One Local Winner Not Enough At "Superstar Soul Search" Contest
Saturday's "Superstar Soul Search" finalists wait to find out who will advance to the semifinals.
Photos by Kendra Berglund
"The talent here was so strong, I couldn't decide on one (contestant) to pick," Andre Harrell said. "So I decided with the other judges to pick three."
According to the press release Rocks Off received concerning the "Superstar Soul Search" for the next great R&B singer, only one semifinalist was to be selected from Houston to move on to compete for a recording contract and $10,000. But after an excruciating minute and a half of silence onstage, Harrell chose three Houstonians: Alicia Miles, Nicola Polar and David Azzeo.
"Houston is killing it," tweeted Harrell, who founded New Jack Swing label Uptown (Guy, Mary J. Blige) in the mid-'80s, about an hour into the show, followed a few hours later by, "The Bible Belt is n (sic) the lead for most talented artist."
The Bayou City's R&B scene is a close second to Charlotte, N.C., Harrell said.
Houston's Nicola Polar didn't know she was competing when she woke up Saturday... and then she won.
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The weather wasn't great, and the parking at recently opened venue the Horn was inconvenient, but as a whole, both the talent and the feedback from the fans made the endeavor more than worthwhile. By far, Rocks Off's favorite part of the four-hour event was the energy of the crowd, which cheered performers when their voices soared, lauded and jeered song choices and "ooh-ed" and "ahh-ed" when the contestants were cut short by the panel of judges.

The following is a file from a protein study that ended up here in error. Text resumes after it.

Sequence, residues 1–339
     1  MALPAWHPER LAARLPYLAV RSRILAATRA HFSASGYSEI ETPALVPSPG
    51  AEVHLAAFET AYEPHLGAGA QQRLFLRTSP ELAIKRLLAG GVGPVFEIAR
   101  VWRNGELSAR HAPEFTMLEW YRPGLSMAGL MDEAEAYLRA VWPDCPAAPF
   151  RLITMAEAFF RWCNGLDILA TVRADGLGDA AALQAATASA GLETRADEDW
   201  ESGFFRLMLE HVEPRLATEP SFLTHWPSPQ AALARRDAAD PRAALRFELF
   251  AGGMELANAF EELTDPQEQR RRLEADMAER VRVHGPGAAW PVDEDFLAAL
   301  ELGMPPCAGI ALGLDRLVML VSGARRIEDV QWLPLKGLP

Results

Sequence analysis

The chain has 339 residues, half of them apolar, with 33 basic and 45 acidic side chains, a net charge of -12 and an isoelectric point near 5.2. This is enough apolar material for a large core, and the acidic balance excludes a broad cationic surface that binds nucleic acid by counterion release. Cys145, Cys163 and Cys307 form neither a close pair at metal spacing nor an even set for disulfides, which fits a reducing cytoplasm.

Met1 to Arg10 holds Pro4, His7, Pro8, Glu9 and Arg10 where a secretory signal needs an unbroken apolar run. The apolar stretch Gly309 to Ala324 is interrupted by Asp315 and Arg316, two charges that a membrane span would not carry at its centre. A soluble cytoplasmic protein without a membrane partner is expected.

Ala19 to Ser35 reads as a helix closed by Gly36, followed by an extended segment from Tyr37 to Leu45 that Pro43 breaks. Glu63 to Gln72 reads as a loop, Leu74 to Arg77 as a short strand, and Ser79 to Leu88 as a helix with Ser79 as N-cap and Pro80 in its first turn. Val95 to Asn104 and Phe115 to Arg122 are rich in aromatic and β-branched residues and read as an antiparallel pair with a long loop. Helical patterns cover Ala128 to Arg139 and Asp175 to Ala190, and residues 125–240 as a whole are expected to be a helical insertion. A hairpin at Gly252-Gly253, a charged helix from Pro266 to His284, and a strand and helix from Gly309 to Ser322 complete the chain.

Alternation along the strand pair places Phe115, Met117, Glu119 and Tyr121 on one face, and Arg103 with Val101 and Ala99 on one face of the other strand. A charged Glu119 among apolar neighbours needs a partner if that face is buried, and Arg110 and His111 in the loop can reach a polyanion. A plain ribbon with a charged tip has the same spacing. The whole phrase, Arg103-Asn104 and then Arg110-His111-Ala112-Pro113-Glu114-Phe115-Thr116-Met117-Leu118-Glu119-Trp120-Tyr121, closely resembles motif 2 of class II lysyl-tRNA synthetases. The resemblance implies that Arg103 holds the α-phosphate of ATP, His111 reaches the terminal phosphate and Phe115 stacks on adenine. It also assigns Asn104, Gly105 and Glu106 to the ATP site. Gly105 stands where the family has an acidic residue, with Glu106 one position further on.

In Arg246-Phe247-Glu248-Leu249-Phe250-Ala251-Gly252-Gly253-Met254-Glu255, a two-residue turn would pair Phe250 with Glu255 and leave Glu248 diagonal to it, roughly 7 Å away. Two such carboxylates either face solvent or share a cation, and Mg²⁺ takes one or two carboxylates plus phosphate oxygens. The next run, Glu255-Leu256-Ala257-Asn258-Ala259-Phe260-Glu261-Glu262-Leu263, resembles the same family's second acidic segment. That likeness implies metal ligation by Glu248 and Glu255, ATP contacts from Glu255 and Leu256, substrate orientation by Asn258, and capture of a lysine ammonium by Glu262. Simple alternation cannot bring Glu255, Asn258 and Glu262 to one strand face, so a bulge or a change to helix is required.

Located off Fountain View and Richmond, the Horn has been in business since October. According to the staff, this kind of event is a new and exciting direction for the venue.
"This is the first time we've ever done anything like this," one bartender said. "It's a lot of fun, and it's got to be good for business, too."
One of the winners, Nicola Polar, didn't even know she was signed up to perform until the day of the event.
The saxophone outside The Horn on Richmond is made entirely of auto parts.
"A friend of mine, she entered me, and I didn't even know about it until the last minute," Polar said. Before the show, she was hoping the contest would be done by 8 p.m. - which it was, but barely - because she had a gig at Hotel ZaZa. Rocks Off assumes she put on a hell of a show.
More than 50 singers from all over Texas competed for a chance to win that recording contract and $10,000 and although there were a few duds, at least half of those who took the stage really shone. Harrell picked three winners for a reason, after all.
Rocks Off has never before been to an open-mike quite like this - we usually cover rock music - but we were pleasantly surprised at this R&B-specific version of American Idol... of sorts. At slightly more than four hours, it ran a little long for our taste, but otherwise it was a great show.
And Harrell seemed to be having a great time, too. We checked in him via Twitter a bit later to see what he was up to.
"Work's done," Harrell tweeted at 9 p.m. "I might have see how Houston puts it down on a Saturday nite (sic)."
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